& cplSiteName &

Embracing Technological Change

Jeff Finkelstein
3/10/2014
50%
50%

    If you want something new, you have to stop doing something old. – Peter F. Drucker

Leaving things behind is hard, especially when it comes to the technologies with which we are comfortable. Many of us have based our careers, either in part or completely, on maintaining legacy systems. When new capabilities are introduced, some spend an inordinate amount of effort trying to derail things, either intentionally or subconsciously. I personally have been there more times than I care to recall.

However, once I began to accept and embrace the change, I could see the potential for it. It is when you hang onto the past and try to slow down the future that you reach the point where, if you are not careful, you may become more a part of the problem than the solution. In the worse case, you can even marginalize yourself.

That is not to say that all change is for the best. But when due diligence shows it is necessary for business or technical reasons, you reach a point where a decision has to be made. You can no longer avoid the change around you and must accept changing yourself.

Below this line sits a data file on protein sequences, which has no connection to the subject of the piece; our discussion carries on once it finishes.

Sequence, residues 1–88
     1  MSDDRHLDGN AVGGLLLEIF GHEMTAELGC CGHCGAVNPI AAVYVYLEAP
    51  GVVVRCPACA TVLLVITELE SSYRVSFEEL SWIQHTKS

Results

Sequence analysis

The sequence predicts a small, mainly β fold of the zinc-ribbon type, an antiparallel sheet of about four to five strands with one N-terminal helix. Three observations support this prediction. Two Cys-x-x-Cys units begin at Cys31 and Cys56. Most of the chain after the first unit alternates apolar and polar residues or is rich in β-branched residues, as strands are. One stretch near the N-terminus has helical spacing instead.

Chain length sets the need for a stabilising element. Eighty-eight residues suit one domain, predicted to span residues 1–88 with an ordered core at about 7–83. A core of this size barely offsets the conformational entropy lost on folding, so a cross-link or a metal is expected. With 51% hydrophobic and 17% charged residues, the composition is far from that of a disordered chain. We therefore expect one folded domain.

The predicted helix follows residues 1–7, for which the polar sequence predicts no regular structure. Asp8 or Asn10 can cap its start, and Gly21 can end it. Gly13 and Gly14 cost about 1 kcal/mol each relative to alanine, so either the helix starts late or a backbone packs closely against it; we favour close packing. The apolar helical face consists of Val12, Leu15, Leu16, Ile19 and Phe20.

Eventually, change is inevitable. Except from vending machines…

But back to the discussions from my last blog… Let's start with the graphic showing the top-level functions of a CCAP. (See Learning From Mistakes.)

Now let's take that drawing and break it into network layers for L1 (PHY), L2 (MAC), and L3 (routing)…

I recognize that the delineation between the layers is not that clean, but give me some space to run with this for now. What I am working towards is where the most effective and least disruptive breaks are to show us where we may segment functionality. What I am hoping to show is where this logical segmentation may lead us as we consider distributed access architectures.

Moving layer by layer...
Looking at this from the bottom up, we see that the L1 functions are what we today call a "Remote PHY." This occurs when you pull the physical layer out of the Converged Cable Access Platform (CCAP) core and push it to a remote device, likely in the field collocated with either a fiber node or a cabinet. An interesting point about the L1 functions is that they are typically very hardware-centric due to the modulation and demodulation of signals from a medium. Keep this in mind as we move forward with the discussion.